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  • Reclaiming Left Baggage:Some Early Sources for Minority Studies
  • Juan Flores (bio)

Stanford brings back memories, personal, political and intellectual associations very meaningful to me today as I reflect on the future of minority studies. Thirty years ago I was on the faculty here at Stanford, a budding young assistant professor in the prestigious German department. Yes, I spent my '68 here, a steady fixture in the antiwar movement, which—for those with shorter memories—was to some degree directed against the doings of Stanford itself.

I was not to cash in on my Yale and Stanford pedigree in Germanistik, and landed in "minority studies," Puerto Rican studies in particular, and at the City University of New York instead of Stanford. My academic career after Stanford would appear to have been an extreme and protracted demotion, or self-demotion, a sharp downward mobility from center to margins, from prestige to the undervalued, from the universal to the particular. I remember colleagues in the humanities and social science disciplines asking me, "Puerto Rican studies? How can you limit yourself to just one group?" And I thought of Germanistik, its place firmly ensconced among the established disciplines, the home of "humanistische Bildung," yet its field of inquiry cautiously circumscribed to one central national experience. From the vantage of Puerto Rican and minority studies, as I came to find out, the traditional European disciplines are also severely limited in their methodological and theoretical reach. The U.S. brand of Germanistik I had been groomed in was about philology and literary history, with only occasional dabbling, where pertinent, in broader philosophical or social issues. Fortunately for me, Stanford's German department was among the most enlightened in the country in those [End Page 187] years, one of the first, in fact, to refer to itself as "German Studies," and in having complemented its language and literature offerings with a third branch or curricular sequence in intellectual history, Geistesgeschichte. For my colleagues, students, and me, that meant complementing our Thomas Mann with Nietzsche and Freud, our Goethe with Kant and Hegel, our Heinrich Heine with Marx and Feuerbach, our Kafka and Brecht with Walter Benjamin. It was a stimulating intellectual feast, a countercanon that articulated easily with the fervent student radicalism and rebellious sensibility of the times.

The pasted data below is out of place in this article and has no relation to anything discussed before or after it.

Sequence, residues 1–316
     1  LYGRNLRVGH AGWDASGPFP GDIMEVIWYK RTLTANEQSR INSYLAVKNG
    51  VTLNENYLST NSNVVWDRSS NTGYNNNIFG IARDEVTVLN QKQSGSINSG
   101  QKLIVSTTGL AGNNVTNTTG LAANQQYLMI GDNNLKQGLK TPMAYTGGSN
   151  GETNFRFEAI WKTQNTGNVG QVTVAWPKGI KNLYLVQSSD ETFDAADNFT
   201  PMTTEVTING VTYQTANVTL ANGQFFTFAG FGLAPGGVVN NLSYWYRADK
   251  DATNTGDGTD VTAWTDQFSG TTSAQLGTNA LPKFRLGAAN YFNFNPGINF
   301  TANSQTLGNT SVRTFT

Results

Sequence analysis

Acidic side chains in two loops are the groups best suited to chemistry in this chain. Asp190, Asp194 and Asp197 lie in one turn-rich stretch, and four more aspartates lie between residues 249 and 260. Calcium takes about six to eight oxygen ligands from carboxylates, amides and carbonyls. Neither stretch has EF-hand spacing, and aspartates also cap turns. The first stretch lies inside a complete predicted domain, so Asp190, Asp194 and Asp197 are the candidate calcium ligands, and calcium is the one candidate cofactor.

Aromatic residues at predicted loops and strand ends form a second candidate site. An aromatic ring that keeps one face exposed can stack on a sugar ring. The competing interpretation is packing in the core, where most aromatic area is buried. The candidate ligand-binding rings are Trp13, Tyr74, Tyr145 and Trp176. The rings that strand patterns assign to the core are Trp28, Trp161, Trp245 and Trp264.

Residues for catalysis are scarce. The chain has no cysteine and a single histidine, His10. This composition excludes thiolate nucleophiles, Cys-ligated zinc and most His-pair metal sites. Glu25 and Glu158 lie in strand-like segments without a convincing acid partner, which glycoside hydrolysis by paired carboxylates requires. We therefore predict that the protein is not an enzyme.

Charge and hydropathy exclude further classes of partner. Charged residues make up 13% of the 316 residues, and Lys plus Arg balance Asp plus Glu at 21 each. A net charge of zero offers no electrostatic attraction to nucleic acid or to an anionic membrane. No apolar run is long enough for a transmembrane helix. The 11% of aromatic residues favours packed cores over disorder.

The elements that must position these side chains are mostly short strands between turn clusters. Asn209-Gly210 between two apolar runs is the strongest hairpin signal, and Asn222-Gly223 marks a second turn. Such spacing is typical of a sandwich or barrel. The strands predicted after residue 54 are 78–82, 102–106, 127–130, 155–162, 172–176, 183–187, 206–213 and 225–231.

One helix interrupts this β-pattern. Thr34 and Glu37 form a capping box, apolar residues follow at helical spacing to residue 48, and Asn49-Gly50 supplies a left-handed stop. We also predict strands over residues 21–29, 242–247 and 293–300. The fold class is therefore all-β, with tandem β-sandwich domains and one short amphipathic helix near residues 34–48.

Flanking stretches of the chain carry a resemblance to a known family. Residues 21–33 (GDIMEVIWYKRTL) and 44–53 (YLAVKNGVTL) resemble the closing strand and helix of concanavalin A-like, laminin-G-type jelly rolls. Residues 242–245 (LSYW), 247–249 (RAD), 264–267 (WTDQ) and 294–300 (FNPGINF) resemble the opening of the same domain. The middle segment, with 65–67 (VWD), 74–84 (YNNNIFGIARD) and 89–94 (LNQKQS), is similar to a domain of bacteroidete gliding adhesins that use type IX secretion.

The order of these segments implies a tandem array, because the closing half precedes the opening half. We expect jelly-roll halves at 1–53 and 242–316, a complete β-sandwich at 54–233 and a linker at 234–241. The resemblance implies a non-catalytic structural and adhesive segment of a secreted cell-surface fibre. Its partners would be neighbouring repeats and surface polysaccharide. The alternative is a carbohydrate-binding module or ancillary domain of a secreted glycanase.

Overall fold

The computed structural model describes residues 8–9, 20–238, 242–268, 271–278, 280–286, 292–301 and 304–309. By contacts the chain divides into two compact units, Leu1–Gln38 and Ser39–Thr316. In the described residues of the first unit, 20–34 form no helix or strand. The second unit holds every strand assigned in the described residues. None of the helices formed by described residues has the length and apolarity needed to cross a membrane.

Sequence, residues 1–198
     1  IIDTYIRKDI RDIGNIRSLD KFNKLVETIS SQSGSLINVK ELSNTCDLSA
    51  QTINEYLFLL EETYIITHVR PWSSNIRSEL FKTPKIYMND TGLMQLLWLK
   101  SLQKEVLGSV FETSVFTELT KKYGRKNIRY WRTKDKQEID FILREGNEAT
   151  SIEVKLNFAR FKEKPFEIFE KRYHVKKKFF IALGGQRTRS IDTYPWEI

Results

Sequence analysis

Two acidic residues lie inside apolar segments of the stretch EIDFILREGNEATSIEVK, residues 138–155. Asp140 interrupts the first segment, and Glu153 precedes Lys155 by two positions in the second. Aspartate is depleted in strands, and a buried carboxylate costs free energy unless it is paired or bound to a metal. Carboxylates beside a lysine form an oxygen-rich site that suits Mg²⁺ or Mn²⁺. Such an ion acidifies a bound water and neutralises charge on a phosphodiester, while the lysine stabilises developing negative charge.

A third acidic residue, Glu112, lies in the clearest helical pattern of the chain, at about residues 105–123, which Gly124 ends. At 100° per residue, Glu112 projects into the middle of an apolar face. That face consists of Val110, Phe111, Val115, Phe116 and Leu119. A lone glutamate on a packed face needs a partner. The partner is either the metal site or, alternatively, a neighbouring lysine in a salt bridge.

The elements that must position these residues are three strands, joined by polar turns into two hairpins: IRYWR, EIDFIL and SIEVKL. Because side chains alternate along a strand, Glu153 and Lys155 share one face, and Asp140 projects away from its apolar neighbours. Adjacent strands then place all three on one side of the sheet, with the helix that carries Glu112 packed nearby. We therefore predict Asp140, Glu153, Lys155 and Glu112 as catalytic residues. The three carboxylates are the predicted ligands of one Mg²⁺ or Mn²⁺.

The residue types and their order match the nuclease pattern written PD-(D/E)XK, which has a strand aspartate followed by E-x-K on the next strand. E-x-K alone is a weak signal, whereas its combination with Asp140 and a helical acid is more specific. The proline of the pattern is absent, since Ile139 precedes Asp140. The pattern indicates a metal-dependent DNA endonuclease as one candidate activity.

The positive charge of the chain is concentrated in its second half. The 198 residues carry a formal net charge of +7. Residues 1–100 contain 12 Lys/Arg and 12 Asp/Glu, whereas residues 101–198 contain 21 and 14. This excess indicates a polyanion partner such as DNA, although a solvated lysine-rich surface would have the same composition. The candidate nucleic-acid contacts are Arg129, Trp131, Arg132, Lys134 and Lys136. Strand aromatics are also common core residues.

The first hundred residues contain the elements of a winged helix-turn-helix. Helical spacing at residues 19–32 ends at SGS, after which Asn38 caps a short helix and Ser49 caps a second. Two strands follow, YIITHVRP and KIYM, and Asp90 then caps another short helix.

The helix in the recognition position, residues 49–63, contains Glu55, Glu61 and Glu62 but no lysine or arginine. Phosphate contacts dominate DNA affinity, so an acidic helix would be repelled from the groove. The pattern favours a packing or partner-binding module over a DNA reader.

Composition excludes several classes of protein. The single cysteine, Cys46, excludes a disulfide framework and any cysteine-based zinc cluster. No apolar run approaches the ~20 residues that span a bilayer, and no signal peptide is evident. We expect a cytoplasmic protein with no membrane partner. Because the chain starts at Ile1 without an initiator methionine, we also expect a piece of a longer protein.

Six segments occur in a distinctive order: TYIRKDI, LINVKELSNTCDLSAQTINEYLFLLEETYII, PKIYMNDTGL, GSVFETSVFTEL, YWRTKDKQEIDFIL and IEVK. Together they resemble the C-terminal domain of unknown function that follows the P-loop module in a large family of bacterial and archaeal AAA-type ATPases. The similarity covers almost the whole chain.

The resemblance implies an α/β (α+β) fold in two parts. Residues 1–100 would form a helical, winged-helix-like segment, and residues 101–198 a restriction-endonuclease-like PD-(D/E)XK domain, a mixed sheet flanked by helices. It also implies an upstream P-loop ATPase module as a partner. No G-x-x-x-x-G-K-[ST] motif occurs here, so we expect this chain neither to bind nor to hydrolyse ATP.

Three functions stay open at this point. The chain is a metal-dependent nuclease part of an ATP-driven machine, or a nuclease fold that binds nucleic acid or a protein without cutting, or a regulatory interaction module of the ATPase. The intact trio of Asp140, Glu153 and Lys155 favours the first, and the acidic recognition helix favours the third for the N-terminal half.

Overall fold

Yet even this opening to Geistesgeschichte and our chance to study the great Denker along with the Dichter had its obvious limitations. It was still well-bounded humanities, a kind of extended belletristics, for we generally studied little of the history of music or the arts and of course barely reflected on the multiplicity of German identities or the cultural experiences of the huge German diaspora in the United States. Most notably, though, social science inquiry was fully excluded: economic, political, even social history remained outside the purview of an education in German culture. Most relevant perhaps for current debates, the issues of German national identity were rarely addressed in any direct or genealogical way, so that the mighty Dichter and Denker were left dangling, disengaged from the larger sweep of social and cultural history.

The historical formations and trajectories of group identity are of course central to minority studies, which is what accounts for its transdisciplinary imperative. In this respect, my migration from German to Puerto Rican studies was not a demotion or diminution at all, but rather an expansion of intellectual field and a widening of methodological and theoretical range. The focus on a single national experience is as true of the established disciplines as for minority studies, but because interest in the problematic of identity is so integral to an area like Puerto Rican studies, all aspects of Puerto Rican life, across all the varied academic demarcations, are of direct analytical concern.

Yes, but what about the move from German to Puerto Rican? Surely that's a shrinking in scale, at least, from the big to the small, from the richly complex to the simple and stunted, from a modern culture of world significance and impact to a derivative subculture of only minor or particularist interest to the study of modernity. As [End Page 188] nationally circumscribed as Germanistik might be, its universalist claim is...


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